Other than the Great Depression, nothing was more dreadful for stocks than the bear market experienced during the 2008 financial crisis. Vast amounts of wealth evaporated during the crisis, scaring investors out of stocks and into bonds and other "safe" investments. However, the companies known as dividend champions that I chose for this article are now trading higher than their 2007 highs, while the S&P 500 has not yet returned to that level. The dividend champions that I'm referring to are companies that raise dividend payments every year over decades. The fact that they were able to achieve this through numerous recessions over the years gives them a special status in the investment world.
These are also great investments for outpacing the rate of inflation over time. With their consistency in dividend raises and steady price appreciation, the dividend champions provide a certain degree of predictability and can withstand the toughest bear markets and volatility over the long-term.
The buy and hold strategy should never go out of style. Most of the short-term trading going on is making lots of commissions for the brokerage firms, but not individual investors. Putting money into the dividend champion companies will win over the long-term, while trading frequently is a zero-sum strategy.
These companies survived stock crashes, recessions, and the financial crisis. They have emerged stronger than they were before these incidents. They are the pillars and cornerstones of the market.
Kimberly-Clark (KMB) is a solid, consistent, company with products that are used daily by many consumers. Its personal care and healthcare products are staples that are needed on a regular basis. Huggies, Pull-ups, Kleenex, Scott, Kotex, and Cottonelle are just a few of the many brands under the KMB umbrella.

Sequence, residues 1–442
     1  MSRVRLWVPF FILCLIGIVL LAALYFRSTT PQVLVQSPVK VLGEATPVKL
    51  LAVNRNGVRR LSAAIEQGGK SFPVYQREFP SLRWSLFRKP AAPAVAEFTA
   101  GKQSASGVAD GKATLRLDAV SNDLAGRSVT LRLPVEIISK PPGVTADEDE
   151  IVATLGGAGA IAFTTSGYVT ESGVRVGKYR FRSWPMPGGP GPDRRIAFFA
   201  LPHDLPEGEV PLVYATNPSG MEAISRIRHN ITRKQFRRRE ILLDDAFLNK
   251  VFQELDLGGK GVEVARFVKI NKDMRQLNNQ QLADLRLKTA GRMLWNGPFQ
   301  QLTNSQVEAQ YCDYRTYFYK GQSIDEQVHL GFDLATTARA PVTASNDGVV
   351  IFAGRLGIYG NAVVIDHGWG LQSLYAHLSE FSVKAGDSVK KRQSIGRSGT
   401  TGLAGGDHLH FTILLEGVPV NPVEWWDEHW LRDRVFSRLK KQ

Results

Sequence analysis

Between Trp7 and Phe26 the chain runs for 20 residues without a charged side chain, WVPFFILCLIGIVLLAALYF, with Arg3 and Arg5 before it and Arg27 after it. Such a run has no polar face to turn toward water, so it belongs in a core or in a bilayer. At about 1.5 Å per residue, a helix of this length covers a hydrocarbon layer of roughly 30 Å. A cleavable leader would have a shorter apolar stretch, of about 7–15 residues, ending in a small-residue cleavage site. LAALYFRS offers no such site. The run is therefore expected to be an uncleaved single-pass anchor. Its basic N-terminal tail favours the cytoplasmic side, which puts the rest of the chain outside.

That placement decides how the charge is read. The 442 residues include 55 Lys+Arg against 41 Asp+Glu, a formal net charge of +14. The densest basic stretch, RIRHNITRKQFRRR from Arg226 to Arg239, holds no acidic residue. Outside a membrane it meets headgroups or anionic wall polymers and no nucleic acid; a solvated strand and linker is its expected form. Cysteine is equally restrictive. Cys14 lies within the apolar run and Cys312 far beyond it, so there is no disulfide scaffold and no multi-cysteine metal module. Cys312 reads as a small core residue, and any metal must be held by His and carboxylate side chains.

Kimberly-Clark pays a generous dividend of 3.6%. It has increased its dividend payment every year for 40 years. What a solid company.
McDonald's (MCD) is a far-reaching international presence with over 33,500 restaurants in 119 countries. Its ability to adapt its menu to the needs of each individual country that it operates in, has brought continued profitability and growth. The menu expansions such as the McCafe coffee and drinks, healthier offerings (oatmeal, apples, salads), Premium Chicken sandwiches, the McRib, etc., have given consumers a vast array of food to choose from.
McDonald's continued expansion throughout the world will ensure positive future revenue and earnings growth.
MCD currently pays a dividend of 3.6%. It has proven to be consistent by raising the dividend every year since 1976.
Wal-Mart (WMT), the $246.9 billion market-cap retail and grocery powerhouse, has become a steady, low-risk dividend stock. The company weathered the financial crisis much better than the overall market. The company is able to maintain low-prices through its economies of scale to achieve steady growth in its low-margin, high-volume business. Wal-Mart has enabled consumers to save money on everyday goods, which is the primary reason for its success.
Wal-Mart pays a dividend of 2.1%. The company increased its dividend every year since 1974.
Colgate-Palmolive (CL) is another steady dividend champion with a strong ability to withstand bear markets. Like Kimberly-Clark, Colgate-Palmolive offers a variety of consumer staples that are used repeatedly. The company has products in oral care, personal care, home care, and pet nutrition. Its focus on a worldwide financial strategy should continue to drive future growth. CL sells products in over 200 countries and derives 75% of its sales from overseas.
CL pays a dividend of 2.4%. The company increased payments to shareholders every year for 41 years.
The stock market can be angry and dreadful at times. The dividend champions featured here empower investors with predictable dividend payments and steady stock appreciation over the long-term. All of these companies are now trading higher than they were before the financial crisis. This shows their strength and resiliency. These are the companies that can be relied upon to withstand the worst price action of the overall stock market.